Defense against infections logo

Defense against infections

Last update 14-8-2008

Food for thought on the defense against infections

This page presents a series of ideas and hypothesis, in short areas for further research.

Colonization resistance details

It is known from previous research that the autochtonous microflora plays a major role in the functioning of the CR. However, it still is not yet clear which microorganism groups of the indigenous flora are involved, as well as most biochemical mechanism(s) causing CR. Microbial products such as defensins, short chain fatty acids, extracellular enzymes, competition for nutrients, etc, all appear to be of importance.

The role of Archaea in the gut ecosystem

Little is known of the existence, let alone the role, of archaea in the gut. For instance which fraction of what is known now as anaerobic bacteria are actually archaea? Do they play a role in the 'autochtonous microflora'? Are there any diseases that are actually caused by archaea or their chemical warfare products, in stead of by bacteria of fungi?

Colonization resistance on the skin

The skin as a habitat for microorganisms differs in many aspects from the gut. Still it is a habitat for microorganisms and therefor risk of infection is ever present.

Hypothesis: The skin provides a habitat for many microorganisms. These, in conjunction with other factors help defend the body against (potential) pathogens in a form of colonization resistance. E.g. the microorganisms that normally inhabit the skin also help defend it against infections.

Inactivation by binding to " Large Molecular Substances"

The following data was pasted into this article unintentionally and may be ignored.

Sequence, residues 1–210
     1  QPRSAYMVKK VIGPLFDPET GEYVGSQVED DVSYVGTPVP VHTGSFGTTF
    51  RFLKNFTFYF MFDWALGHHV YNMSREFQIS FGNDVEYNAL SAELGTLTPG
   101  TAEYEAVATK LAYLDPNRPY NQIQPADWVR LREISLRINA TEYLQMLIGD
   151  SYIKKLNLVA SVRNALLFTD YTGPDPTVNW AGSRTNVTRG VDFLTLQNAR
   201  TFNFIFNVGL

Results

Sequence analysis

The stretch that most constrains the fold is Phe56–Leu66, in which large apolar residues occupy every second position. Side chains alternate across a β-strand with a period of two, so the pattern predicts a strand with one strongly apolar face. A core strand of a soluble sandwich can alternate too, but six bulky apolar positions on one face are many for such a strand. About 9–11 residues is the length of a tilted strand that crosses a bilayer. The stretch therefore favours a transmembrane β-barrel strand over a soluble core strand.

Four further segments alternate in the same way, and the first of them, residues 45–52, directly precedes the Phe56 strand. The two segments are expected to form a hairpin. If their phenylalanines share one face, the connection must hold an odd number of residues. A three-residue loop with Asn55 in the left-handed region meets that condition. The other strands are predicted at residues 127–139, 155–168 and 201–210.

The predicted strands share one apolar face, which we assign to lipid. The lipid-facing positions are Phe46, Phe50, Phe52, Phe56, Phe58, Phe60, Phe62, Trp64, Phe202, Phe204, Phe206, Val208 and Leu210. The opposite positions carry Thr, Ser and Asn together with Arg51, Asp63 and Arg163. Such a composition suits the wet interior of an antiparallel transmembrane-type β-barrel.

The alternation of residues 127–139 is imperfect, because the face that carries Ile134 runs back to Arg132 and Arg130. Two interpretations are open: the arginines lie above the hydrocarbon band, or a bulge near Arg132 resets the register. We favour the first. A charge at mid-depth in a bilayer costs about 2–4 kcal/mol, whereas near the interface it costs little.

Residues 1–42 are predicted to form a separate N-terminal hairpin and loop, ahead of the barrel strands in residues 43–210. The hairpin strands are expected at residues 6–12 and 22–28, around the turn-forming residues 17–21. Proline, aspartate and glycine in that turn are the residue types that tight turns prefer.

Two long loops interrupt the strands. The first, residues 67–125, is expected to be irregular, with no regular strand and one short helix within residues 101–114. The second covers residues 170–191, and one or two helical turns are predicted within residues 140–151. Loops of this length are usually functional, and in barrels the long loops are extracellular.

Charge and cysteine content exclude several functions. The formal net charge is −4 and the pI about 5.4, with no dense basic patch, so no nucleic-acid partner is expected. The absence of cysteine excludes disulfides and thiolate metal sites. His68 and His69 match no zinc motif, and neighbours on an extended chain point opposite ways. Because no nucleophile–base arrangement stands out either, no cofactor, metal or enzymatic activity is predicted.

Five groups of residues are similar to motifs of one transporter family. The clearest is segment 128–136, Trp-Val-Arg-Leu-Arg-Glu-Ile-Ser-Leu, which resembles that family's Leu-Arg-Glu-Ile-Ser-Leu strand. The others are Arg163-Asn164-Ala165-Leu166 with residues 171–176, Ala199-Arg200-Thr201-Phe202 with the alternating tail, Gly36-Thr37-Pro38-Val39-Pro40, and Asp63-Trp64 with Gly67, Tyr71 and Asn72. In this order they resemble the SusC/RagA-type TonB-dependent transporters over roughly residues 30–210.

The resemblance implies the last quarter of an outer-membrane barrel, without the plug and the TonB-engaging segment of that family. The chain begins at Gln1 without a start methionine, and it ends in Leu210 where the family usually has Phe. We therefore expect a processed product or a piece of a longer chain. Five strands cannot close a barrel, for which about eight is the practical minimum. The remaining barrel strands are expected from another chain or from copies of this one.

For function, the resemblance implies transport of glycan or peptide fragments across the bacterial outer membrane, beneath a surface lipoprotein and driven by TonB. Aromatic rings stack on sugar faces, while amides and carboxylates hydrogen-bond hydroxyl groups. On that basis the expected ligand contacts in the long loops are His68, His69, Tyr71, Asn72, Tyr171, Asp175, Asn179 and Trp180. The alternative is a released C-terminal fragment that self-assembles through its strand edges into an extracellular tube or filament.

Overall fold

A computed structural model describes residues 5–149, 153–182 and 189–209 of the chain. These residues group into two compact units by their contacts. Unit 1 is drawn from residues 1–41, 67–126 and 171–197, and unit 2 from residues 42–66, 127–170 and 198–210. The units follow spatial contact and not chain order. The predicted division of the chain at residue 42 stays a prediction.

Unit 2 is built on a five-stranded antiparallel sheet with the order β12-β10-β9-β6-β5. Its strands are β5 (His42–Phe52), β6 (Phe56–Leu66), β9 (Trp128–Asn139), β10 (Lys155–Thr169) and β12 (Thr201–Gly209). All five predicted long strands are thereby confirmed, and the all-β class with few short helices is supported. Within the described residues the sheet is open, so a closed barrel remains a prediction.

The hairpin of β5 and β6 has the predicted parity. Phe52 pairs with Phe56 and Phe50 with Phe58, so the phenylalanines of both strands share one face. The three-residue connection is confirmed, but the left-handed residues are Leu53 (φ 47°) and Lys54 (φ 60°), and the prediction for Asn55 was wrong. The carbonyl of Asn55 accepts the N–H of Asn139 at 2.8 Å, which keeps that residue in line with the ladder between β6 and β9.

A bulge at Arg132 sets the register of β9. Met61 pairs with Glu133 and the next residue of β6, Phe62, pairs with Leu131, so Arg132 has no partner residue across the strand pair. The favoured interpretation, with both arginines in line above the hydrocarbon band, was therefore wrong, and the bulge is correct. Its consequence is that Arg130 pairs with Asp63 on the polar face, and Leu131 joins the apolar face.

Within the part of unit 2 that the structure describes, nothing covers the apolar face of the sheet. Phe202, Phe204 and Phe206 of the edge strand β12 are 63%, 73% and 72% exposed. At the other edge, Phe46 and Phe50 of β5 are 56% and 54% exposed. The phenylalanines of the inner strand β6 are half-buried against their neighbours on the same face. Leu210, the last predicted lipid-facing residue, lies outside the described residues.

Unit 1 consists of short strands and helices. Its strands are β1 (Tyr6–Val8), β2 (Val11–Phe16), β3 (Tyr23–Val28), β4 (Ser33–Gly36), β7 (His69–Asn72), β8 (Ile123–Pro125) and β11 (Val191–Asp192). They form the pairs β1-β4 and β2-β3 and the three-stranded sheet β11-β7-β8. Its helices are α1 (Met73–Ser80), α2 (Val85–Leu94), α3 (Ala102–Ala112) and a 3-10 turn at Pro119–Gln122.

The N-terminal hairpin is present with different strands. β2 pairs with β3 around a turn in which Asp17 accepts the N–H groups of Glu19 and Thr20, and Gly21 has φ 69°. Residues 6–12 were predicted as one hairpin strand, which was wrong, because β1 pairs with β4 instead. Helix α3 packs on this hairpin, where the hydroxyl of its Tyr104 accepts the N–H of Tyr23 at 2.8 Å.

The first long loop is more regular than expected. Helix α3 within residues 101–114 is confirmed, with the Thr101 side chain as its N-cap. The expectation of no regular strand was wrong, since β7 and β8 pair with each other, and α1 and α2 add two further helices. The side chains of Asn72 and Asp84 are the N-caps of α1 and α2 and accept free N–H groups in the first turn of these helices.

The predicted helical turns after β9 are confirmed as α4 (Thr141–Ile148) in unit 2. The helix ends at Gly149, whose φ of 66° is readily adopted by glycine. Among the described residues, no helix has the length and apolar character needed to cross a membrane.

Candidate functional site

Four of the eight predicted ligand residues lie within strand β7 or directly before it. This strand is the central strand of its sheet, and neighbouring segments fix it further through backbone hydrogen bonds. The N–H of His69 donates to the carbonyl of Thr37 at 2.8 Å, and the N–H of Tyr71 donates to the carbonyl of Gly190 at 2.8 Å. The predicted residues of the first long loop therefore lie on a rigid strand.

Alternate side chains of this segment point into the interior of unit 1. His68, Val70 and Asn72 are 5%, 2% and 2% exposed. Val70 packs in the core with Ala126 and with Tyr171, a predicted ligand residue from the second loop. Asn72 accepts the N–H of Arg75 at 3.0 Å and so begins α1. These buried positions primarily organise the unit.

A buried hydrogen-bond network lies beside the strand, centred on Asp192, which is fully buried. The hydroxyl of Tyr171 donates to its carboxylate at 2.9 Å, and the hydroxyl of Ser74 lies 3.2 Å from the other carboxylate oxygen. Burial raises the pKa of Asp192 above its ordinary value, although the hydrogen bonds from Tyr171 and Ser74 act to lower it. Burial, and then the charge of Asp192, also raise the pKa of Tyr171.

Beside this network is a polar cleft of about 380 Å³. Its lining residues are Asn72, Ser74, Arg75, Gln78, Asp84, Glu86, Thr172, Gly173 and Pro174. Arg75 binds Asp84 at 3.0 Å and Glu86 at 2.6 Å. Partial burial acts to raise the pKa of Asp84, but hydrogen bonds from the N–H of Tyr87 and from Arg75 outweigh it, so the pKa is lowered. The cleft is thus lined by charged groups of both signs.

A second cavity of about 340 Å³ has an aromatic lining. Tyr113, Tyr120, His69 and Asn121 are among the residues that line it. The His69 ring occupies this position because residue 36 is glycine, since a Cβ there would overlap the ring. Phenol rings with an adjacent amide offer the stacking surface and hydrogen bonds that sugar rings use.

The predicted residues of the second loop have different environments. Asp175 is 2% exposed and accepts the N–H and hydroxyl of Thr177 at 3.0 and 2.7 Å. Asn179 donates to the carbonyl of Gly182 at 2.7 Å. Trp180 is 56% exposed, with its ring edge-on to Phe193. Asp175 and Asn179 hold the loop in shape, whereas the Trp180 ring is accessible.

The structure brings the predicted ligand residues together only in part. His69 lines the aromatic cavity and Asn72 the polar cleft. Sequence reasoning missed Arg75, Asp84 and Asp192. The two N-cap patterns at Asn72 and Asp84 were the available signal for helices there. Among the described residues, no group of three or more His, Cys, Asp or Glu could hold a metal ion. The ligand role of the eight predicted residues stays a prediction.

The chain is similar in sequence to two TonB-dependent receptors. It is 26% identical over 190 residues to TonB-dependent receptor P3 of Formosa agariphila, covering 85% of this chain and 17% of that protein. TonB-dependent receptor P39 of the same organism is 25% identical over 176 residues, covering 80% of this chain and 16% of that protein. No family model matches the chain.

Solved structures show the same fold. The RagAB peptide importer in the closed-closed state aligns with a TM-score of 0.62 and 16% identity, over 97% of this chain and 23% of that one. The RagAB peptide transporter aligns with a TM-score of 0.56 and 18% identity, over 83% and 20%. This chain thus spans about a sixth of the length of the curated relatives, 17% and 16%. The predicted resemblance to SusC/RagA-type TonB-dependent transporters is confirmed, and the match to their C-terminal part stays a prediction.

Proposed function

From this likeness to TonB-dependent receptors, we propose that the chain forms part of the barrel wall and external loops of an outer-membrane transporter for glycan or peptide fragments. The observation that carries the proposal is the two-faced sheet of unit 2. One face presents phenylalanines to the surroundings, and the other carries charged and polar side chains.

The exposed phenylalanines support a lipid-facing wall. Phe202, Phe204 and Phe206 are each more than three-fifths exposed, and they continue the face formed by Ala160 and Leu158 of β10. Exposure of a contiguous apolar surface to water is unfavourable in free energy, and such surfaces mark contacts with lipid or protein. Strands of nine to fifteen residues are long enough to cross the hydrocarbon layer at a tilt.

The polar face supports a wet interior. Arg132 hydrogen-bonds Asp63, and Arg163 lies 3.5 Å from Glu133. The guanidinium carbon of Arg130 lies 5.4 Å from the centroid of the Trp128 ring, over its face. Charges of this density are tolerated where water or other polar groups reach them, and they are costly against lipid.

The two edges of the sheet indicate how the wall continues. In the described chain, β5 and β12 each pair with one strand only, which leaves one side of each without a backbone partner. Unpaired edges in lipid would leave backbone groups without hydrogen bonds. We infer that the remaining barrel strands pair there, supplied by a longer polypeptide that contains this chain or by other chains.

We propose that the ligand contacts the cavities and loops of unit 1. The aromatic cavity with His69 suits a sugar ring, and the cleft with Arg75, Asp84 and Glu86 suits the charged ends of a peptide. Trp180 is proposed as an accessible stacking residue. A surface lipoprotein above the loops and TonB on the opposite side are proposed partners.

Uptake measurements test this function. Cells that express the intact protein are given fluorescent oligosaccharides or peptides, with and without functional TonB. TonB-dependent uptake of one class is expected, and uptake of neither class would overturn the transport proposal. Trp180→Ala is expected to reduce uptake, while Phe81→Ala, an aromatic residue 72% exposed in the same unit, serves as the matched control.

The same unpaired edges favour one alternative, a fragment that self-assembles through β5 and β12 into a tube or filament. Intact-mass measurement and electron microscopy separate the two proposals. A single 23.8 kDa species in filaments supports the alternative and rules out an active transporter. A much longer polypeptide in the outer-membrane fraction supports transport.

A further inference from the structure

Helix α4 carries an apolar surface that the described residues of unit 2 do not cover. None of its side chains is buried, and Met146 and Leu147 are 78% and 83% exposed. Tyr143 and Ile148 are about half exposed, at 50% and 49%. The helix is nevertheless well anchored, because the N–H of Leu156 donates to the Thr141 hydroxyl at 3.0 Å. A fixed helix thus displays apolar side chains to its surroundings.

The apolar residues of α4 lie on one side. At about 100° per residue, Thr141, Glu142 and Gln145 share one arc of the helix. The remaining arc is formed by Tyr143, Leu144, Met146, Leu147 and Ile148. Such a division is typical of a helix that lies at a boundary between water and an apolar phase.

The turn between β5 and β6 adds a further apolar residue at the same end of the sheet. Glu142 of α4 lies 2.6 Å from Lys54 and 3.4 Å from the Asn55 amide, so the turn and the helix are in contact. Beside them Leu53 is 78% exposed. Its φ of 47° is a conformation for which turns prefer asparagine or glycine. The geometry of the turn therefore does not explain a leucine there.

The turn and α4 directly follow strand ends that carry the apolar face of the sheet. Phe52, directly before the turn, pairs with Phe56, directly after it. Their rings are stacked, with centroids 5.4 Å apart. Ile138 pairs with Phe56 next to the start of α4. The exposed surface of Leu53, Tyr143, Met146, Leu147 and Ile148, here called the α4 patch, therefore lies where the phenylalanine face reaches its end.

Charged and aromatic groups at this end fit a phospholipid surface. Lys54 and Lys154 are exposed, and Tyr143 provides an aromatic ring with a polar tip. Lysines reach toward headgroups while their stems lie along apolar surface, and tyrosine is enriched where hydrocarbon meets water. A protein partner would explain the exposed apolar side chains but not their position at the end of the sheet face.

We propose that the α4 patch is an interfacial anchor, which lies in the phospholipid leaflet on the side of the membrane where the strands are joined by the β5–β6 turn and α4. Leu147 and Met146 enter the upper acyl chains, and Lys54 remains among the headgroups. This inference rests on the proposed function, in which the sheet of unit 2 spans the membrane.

Not enough is known about inactivation of defensins and antibiotics by binding to " Large Molecular Substances". Where do these Large Molecular Substances come from? How do they actually work? How generic or specific are they?

Hypothesis: Large Molecular Substances are in fact dead microorganisms and parts of microorganisms that have already fallen apart.
Given that the lifespan of microorganisms in the gut is the hours to days timeframe, a significant percentage of the microorganisms in the gut will die while located there.

Research by M. Wilkinson shows ....

Anaerobic microorganisms also play a significant role in the colonization resistance

Are (anaerobic)microorganisms that do not translocate but are (semi)persistent also part of the colonization resistance? ==> MORE TO BE DONE

There is a significant increase in defensin production in the child's gut shortly after birth

It is unknown if there is an increase in defensin production in the child's gut shortly after birth. Such an increase would make sense as the digestive tract is not colonized by any microorganism at birth and therefore provides ample opportunities for excessive growth. In a fully colonized digestive tract the microorganisms that live in it also produce defensins and compete for food and space. This has not yet developed in the early days after birth.
If a potential pathogen microorganism is an early colonizer, this may lead to significant invasion of the newborn child. As its adaptive immune system is still almost unformed this could easily have dire consequences. So some extra activity from the innate defense system would be likely.